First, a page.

She hasn’t heard about selfies. She doesn’t know about Facebook.
She doesn’t care about smart phones. But this woman is more well-skilled and more intelligent than anyone else we know.
She is able to survive a life all by herself which started when she moved to Winnipeg forty years ago.
Call her street smart. (Sometimes I call her Dely Magpayo or Gabriela Silang).
She is Nanay Remy— my first and original Nanay in Winnipeg.
She proves me a lot of times that one doesn’t need to finish high education or have very high grasp of English to make a meaningful conversation.
You will not find her in high-profile social functions. Her smile is her only make-up. She has a modest and private life.
She is never been married but she loves genuinely. The church is her usual sanctuary.
She may look reserved or very frank at times. But she always speaks from the heart.
From her, I learned the hard truth about SURVIVAL.
Being part of the first wave of garment workers and immigrants in Manitoba in the 70s, Nanay Remy shared me lessons on how to be TOUGH.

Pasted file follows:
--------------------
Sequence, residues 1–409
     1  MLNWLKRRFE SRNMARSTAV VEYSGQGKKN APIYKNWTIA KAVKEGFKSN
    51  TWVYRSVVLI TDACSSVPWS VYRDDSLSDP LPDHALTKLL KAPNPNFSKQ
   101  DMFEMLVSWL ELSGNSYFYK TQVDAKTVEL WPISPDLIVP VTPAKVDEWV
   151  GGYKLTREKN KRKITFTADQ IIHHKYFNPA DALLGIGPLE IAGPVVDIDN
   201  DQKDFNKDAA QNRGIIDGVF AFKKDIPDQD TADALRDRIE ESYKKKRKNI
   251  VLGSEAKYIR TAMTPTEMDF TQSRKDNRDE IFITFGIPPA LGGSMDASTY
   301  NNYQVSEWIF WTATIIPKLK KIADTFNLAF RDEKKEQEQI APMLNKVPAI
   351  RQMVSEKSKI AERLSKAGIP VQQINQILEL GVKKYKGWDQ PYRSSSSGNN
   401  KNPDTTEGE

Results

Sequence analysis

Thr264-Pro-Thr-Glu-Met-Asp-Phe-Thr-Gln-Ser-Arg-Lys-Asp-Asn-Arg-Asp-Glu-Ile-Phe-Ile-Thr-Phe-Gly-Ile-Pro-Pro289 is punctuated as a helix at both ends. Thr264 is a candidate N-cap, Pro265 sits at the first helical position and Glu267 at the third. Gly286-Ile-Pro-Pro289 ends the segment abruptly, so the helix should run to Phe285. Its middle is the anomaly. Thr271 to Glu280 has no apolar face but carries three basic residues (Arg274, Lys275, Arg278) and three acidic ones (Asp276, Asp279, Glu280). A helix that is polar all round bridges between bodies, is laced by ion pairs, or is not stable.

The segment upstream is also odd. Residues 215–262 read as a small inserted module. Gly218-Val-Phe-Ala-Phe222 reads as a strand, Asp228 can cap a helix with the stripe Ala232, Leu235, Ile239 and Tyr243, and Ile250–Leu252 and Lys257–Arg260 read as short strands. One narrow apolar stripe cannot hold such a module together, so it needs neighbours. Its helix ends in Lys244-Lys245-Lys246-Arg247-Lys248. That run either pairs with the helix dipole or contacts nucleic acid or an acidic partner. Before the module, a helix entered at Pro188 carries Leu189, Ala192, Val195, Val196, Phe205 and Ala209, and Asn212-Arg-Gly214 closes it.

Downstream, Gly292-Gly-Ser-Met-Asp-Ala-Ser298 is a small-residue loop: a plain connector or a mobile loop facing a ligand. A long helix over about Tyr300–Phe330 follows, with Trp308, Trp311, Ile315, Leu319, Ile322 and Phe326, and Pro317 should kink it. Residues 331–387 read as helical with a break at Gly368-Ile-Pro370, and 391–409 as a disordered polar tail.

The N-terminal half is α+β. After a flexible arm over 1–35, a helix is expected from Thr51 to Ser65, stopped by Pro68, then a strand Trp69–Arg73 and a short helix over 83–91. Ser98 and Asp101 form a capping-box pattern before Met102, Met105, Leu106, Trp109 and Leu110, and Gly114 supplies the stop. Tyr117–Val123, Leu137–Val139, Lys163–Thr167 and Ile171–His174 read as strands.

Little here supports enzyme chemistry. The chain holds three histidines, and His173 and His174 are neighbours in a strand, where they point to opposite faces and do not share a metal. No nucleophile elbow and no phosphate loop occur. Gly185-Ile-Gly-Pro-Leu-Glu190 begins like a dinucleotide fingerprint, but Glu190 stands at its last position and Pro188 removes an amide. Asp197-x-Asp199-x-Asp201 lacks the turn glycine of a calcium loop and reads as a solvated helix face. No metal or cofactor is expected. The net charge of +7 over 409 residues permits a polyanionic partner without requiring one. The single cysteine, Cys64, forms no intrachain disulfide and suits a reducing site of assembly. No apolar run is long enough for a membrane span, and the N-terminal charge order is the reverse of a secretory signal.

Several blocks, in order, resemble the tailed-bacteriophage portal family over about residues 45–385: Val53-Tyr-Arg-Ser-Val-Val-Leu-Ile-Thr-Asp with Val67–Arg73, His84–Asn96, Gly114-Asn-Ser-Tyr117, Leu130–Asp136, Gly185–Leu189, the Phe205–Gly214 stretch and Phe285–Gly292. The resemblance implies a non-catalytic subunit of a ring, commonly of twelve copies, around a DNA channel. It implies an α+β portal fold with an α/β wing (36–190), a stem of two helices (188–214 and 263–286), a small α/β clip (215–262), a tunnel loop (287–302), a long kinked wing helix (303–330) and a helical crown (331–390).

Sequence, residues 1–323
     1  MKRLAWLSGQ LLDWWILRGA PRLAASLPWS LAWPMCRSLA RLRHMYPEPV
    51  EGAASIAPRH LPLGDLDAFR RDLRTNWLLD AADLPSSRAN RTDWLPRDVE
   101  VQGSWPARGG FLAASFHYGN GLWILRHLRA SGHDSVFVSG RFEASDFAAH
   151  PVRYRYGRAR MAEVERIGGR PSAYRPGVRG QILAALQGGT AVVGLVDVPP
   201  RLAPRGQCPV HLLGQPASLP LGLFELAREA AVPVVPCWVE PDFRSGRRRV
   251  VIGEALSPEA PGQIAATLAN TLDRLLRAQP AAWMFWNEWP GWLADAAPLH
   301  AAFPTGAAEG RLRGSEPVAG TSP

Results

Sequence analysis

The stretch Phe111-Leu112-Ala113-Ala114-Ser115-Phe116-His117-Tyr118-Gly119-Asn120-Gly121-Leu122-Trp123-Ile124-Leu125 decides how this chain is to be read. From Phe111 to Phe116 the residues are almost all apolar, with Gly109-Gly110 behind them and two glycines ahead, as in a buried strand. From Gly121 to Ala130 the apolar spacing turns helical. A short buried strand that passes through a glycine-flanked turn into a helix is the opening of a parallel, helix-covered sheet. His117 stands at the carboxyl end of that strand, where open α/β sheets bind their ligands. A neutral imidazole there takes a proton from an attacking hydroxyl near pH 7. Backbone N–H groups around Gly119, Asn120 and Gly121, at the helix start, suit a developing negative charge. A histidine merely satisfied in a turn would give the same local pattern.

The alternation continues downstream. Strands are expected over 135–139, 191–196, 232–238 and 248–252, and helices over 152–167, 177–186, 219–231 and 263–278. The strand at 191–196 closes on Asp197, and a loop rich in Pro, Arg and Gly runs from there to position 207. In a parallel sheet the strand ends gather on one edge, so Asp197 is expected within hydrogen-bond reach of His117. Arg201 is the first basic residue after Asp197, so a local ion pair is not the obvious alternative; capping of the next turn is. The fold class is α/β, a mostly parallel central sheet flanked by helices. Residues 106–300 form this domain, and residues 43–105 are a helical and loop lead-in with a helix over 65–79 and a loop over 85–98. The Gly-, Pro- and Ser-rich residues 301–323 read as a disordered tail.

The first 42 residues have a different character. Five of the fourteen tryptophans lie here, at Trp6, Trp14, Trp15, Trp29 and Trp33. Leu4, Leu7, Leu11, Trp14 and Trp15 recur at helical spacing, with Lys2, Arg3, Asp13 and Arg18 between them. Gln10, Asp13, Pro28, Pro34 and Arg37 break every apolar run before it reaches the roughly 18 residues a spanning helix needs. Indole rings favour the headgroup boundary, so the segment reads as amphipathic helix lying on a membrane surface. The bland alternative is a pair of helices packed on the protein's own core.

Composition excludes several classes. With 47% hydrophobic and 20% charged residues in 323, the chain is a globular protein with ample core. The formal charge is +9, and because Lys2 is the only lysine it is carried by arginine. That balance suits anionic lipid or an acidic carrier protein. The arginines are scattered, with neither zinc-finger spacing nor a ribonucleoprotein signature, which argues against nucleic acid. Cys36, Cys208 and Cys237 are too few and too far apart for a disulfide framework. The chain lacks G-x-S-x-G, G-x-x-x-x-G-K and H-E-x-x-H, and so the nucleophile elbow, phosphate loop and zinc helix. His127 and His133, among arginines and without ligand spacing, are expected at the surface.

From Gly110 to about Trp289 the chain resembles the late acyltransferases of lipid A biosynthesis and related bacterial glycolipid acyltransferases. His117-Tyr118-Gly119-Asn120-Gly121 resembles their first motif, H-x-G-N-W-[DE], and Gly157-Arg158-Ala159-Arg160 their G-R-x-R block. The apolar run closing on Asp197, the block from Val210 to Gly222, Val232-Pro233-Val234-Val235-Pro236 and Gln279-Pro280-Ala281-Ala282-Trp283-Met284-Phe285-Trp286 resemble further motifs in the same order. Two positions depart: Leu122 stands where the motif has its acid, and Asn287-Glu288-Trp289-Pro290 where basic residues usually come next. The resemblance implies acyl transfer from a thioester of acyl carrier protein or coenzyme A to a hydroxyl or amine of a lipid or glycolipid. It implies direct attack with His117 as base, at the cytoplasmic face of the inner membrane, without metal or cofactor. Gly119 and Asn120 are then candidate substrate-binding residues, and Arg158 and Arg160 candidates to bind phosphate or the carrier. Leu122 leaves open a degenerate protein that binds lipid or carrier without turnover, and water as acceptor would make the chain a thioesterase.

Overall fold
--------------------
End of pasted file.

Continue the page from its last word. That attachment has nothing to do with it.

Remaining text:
Her only shield is her faith.
The first time our paths crossed in one of the snowy sidewalks of downtown Winnipeg was back in 2004.
I was single, newcomer. with little experience and knowledge of life in cold Winnipeg, with a few trusted friends and a few dollars on my pocket.
I will never forget this woman who gave me shelter during those LOWEST moments of my life.
She walked and rode the bus with me . She was there when I moved to my first apartment. Or when I mourned because of my father’s sudden death.
We laughed. We argued. She scolded me sometimes. But she was always ready to listen.
Nanay Remy gave me something money couldn’t buy — her heart.
Time flies. We have lost connection and only talked to each other or met once in a while in those previous years.
I have my own family now. She has long retired and is now in her mid 70s. Her physical mobility is more limited now than when we first met past 12 years
ago. Her hair is more grey than black. She is a little weak and walks slower now. But we still get along and keep conversations that only us understand.
She told me she is happy and content.
Please say THANK YOU if you see her.
Her hard work (and that of other immigrant pioneers) is one reason why Canada started to open its doors for people like me to move and settle in Canada
the years after.
She can be anyone’s Nanay but one has to to win her heart to get her trust.
She thinks like a CIA agent. But loves like a true friend and a real mother.